End of School Year Yoga Reflections

Today’s post features Radiant Child Yoga teacher, Lorie Saltzman, who sent me her reflections of using what she learned in RCY throughout the past school year.  Lots of good tips, inspiration, and insight here!  Take it away, Lorie…

Hi! I have been teaching kid yoga classes in the Pre-K and K classrooms in area schools to children ages 3-6, in groups of 12-17 students.  I have been using many tools and strategies that I learned from RCY resources.  My classes always follow the same format as follows:

1-Tune In … kids repeat after me or we say together, “I say hello to my breath (take deep breath), Hello to the light all around me (like the battery-candle), and Hello to the love inside of me.” (tight self-hug)

2-Breathing… use different mediums including stuffed animals for prone belly breathing, feathers, cotton/puff balls and straws (i.e. prone propped blowing across mat and to partner), pin wheels, party blowers, real fern plants etc. – Encouraging slow deep, rhythmic breathing

3-Warm-up- Movement with Song…favorite songs are from Happy and Cozy: Getting Up for Yoga, I Love my Yoga, and the most requested song–Yogini Went to Sea.  With the Yogini song, try this:  3 verses to this song- first verse use left hand, second verse use right hand, third verse use both hands together, with squats at every “bottom”-it’s a blast and we all love it! …

I always incorporate crossing midline (crossing with twist to opposing knee counting x 15-20, windmill, elephant X, draw lazy 8, washing machine with loud baritone-like HA’s!) and heavy work and vestibular movements (jump and twist, frog jump, bear walk, donkey kicks) for deep proprioceptive input to organize, focus and prepare body for poses.

4- Yoga Postures through a Story Line…monthly theme (same story repeated for 4 weeks encourages mastery of poses and story-telling); by month end, kids can lead story while I continually grade movements for challenge and incorporate partner poses; I mindfully create each story that includes elements/postures that provide full body activation/sensory input to the most systems= visual, tactile, auditory, olfactory, vestibular, balance, proprioception, deep touch pressure, crossing (brain balancing for improved processing …and keep it Fun, fun, fun!!!!

5- Meditation/Resting…This varies also depending on theme from quiet supine while I read a passage (promoting visualization/imagery), to sitting with SA-TA-NA-MA or I AM BRAVE/BOLD with associated gestures

6- Savasana…quiet resting on mat to The Longtime Sun song, administer deep pressure touch for kids as needed or upon request (lots of requests for spinal flush)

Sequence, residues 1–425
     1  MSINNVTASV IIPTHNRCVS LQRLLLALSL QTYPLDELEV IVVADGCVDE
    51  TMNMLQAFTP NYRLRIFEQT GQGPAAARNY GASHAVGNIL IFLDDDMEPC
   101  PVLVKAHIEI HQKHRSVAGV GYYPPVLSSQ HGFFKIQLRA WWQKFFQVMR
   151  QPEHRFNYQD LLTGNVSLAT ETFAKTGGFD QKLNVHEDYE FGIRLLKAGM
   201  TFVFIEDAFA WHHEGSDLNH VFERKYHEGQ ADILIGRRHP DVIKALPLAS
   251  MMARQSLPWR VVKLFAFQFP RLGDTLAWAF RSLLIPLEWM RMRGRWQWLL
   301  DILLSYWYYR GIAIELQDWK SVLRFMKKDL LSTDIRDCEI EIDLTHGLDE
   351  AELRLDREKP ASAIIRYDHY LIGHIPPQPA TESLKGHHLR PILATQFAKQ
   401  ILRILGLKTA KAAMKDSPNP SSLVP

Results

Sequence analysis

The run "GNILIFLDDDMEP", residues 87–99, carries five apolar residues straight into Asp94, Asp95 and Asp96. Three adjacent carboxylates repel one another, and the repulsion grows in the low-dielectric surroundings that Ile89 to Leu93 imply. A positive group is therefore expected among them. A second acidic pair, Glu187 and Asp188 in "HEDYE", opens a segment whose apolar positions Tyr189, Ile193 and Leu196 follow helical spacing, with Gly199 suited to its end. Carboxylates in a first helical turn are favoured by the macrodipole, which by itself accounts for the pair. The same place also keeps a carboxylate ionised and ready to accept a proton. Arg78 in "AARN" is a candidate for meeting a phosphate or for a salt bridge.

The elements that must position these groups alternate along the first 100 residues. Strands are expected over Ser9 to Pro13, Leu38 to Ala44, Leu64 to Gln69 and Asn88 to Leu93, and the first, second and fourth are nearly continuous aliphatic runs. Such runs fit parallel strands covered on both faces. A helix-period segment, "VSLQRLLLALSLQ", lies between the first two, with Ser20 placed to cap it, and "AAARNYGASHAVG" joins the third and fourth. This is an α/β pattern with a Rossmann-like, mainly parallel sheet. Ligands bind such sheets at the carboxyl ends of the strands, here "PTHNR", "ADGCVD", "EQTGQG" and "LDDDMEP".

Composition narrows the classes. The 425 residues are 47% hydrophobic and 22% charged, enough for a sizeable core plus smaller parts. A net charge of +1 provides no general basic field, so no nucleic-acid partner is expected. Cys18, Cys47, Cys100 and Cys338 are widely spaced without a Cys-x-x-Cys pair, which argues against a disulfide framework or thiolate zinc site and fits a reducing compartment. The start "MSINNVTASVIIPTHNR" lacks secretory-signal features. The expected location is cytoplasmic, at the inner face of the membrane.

Reflections at the end of this school year:

Observations of the children during yogic practice…

Grew in Self-Confidence, more openness to try new things

Improved body awareness and motor planning abilities

Improved self-control and impulsivity

Increased sit time for meditation, calmness during savasana

Improved fluidity and rhythmic breathing

Improved task attention/focus

Improved endurance and core strength and balance

Learned nearly 50 poses, and mastered many

Last week, they graduated as “Little Yogini’s” who can go home and teach yoga to their parents, siblings, friends and toys

I made a simple picture book for each child to take home called, The Little Yogini Book of Yoga Poses.  (A home program if you will, containing their favorites that they spent the last month really mastering as they took turns teaching to the rest of the class on my mat)- They were so proud to be called “teachers” too!

Hope this gives you some new good ideas!

About radiantchildyoga

Shakta Khalsa writes this blog, has been teaching yoga and children for almost four decades, author of several yoga books, mother of a young adult, happily married to Kartar for over 35 years, and oh yes--founder of the Radiant Child Yoga program, a teacher training program for keeping kids joyful, aware, strong, and beautiful. It works for us adult children too...
This entry was posted in ADHD, autism, brain yoga, Children's Yoga, Radiant Child Yoga, school yoga, yoga and tagged , , , , , , . Bookmark the permalink.

One Response to End of School Year Yoga Reflections

  1. Shaniqua Corre says:

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    With appreciation http://www.healthmedicinelab.com“>

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